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Low Hassle Roof Repair

Roof repair can be simple and cheap... or you can wait until the damage spreads and you have a condition only a professional can solve - for thousands of rands.

Damage comes in all forms - cracked tiles, warped or torn shingles, bent flashing - the list is endless. But most of them are a problem for the same reason: the possibility of water damage from a leak.

Most damage that leads to a leak doesn't give you any warning. You find out after the water has already started coming in. But you can turn that problem into an asset.

If the roof isn't too high, steep or slick, you can perform an exterior inspection where you suspect the damage is centered. If your roof is tile or wood shingle, look for the obvious: cracked or broken elements. For asphalt or composite, look for shingles that have slipped out of position or for warping ('fishmouth' or 'loose lap', etc).

In newer, scalloped adobe tile roofs or single roll asphalt, the problem is sometimes less obvious, though. You may have to wet the roof briefly or perform an interior inspection to find the ingress.

Wherever you find a crack or hole put a flashlight at that point if the damage is too small to be seen from the interior. Of course, sometimes sunlight is enough and the flashlight isn't necessary. We're assuming it's cloudy or overcast, during rain threatening conditions.

Now for the interior inspection.

Inside the attic, take a hammer and a few four inch nails with you and step only on the support beams. With luck you'll see the light coming through the crack in the interior. If not, repeat the exterior procedure used to locate cracks or torn sheeting.

Look for moisture on beams. Locating the problem just by looking for water can be a little tricky though. If you've had recent heavy rains, water can flow along beams a long distance from the source of the opening. Try to trace it over and up to the origin.

Once you locate the opening, take a long nail and drive it through the roof as close as possible to the damage. Of course, beware of hitting any electrical wiring, cables, etc. Note this technique is for asphalt or composite, even sometimes wood shingles. It should NOT be used for adobe tile roofs, since it will only cause more damage.

For tile, try squeezing enough toothpaste through the crack to get to the exterior. Toothpaste is not the only option, but it washes away so you don't have the problems associated with using, say, silicone gel. Naturally, if the crack is small enough to be fixed by squeezing some silicone gel into it, do it and call it a day.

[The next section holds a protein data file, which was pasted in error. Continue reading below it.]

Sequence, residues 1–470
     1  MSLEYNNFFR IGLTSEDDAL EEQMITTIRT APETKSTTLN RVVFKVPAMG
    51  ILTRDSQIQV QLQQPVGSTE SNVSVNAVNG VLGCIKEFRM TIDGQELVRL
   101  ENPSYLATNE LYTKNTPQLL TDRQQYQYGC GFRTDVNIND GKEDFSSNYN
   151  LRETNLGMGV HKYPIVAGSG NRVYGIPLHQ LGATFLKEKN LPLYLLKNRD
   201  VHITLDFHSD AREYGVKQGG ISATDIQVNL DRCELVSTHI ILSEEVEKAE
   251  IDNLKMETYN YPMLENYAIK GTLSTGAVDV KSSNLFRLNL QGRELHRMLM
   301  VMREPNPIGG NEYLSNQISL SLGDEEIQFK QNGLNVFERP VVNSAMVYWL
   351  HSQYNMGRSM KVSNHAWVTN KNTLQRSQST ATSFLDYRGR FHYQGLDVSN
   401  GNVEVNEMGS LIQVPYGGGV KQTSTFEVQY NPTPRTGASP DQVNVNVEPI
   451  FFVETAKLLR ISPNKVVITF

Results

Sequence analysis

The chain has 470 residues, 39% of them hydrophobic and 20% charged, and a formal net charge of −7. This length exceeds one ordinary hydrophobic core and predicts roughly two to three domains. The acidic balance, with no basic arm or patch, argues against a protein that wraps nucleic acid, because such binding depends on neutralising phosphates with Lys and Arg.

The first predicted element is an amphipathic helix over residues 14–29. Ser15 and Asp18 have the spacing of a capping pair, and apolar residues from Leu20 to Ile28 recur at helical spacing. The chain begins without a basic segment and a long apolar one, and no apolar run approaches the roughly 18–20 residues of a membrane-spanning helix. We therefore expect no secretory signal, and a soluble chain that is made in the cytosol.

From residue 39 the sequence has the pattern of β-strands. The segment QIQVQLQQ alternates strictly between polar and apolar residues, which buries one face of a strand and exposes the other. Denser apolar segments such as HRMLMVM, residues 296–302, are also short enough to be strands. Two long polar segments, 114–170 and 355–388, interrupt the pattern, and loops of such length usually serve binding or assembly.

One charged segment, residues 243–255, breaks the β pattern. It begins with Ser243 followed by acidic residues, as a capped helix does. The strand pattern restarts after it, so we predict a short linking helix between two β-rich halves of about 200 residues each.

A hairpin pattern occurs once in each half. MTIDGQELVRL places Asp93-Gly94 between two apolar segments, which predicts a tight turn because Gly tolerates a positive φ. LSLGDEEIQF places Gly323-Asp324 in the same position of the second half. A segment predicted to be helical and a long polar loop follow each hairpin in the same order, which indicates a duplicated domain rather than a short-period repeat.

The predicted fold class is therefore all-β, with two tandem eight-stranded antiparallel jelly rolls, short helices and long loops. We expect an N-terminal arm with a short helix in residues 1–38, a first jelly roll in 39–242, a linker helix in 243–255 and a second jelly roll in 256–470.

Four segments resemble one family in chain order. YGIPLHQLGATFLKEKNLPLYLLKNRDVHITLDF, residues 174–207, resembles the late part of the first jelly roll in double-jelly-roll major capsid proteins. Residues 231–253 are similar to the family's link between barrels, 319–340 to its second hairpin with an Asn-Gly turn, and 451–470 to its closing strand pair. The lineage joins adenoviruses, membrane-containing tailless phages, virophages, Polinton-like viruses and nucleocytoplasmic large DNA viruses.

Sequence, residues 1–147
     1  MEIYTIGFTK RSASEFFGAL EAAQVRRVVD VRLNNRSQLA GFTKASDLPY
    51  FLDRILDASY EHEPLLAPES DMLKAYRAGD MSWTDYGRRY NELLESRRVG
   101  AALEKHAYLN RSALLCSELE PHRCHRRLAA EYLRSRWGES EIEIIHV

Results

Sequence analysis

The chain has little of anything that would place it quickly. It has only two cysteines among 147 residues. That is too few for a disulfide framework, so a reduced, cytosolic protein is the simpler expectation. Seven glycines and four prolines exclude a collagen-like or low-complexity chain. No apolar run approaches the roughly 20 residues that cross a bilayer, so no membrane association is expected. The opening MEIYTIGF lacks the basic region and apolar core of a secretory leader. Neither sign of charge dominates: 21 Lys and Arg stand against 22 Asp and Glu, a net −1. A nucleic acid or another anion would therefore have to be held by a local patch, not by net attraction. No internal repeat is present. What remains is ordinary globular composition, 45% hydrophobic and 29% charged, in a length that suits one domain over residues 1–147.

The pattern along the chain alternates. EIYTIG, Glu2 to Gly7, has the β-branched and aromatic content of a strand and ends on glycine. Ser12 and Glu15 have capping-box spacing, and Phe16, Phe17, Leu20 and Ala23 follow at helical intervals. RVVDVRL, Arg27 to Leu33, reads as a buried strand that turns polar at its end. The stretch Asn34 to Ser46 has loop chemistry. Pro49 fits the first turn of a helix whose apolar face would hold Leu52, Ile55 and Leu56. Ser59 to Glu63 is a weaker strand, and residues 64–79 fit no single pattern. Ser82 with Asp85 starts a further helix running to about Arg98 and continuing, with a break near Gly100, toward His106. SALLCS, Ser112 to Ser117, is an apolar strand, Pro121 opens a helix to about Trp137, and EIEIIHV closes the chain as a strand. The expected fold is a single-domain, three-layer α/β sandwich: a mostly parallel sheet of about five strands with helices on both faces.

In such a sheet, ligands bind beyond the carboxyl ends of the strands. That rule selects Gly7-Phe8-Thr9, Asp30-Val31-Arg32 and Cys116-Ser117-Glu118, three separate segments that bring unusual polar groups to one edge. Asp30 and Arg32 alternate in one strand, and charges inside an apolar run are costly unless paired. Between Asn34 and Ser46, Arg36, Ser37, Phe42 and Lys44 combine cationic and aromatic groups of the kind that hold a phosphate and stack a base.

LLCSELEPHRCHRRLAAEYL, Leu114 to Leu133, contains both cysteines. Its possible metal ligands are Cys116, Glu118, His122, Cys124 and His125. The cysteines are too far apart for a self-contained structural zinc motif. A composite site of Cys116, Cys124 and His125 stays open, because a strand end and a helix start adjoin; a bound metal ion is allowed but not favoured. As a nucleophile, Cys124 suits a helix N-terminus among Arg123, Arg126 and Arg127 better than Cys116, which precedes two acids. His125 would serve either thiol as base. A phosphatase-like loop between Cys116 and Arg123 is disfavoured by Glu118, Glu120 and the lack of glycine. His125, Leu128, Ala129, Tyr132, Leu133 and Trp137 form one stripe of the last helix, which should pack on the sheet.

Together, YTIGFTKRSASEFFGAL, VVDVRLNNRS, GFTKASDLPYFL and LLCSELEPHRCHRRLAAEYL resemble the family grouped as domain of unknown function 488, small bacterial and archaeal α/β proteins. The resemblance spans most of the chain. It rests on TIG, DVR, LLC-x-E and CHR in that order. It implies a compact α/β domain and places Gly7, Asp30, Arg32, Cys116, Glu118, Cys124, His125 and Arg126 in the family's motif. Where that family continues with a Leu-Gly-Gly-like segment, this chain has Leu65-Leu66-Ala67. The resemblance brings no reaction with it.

If the light technique doesn't work, try locating the crack and take careful measurements from one edge, then another at right angles. This technique is difficult to use in most houses because of varying roof height sections, difficult to access crawl spaces, etc.

The tough part is over, if the crack is in a place that allows re-papering from the interior or replacing of an asphalt shingle or adobe tile from the exterior.

Any major repairs should be undertaken by professionals. But for single shingle or tile replacement, just remove the broken element and replace. For asphalt or wood, nail all four corners.

Sometimes asphalt can simply be nailed or glued back into place, when the problem is minor curling, for example. For tile, carefully chip away the remaining portion. Get the proper size replacement and glue back into place.

For some asphalt repairs, shingle replacement won't be enough. Tarring may be necessary. Except for small, easy to access jobs that's usually best carried out by a professional. Similarly, replacing roofing felt - a type of tar paper used to seal - usually requires skill and experience beyond most do it yourself'ers.

By all means fix what you can yourself, when you can do the job right. But keep in mind the obvious. Water damage can quickly do enough harm to the attic and your ceilings and rugs to justify the cost of professional services.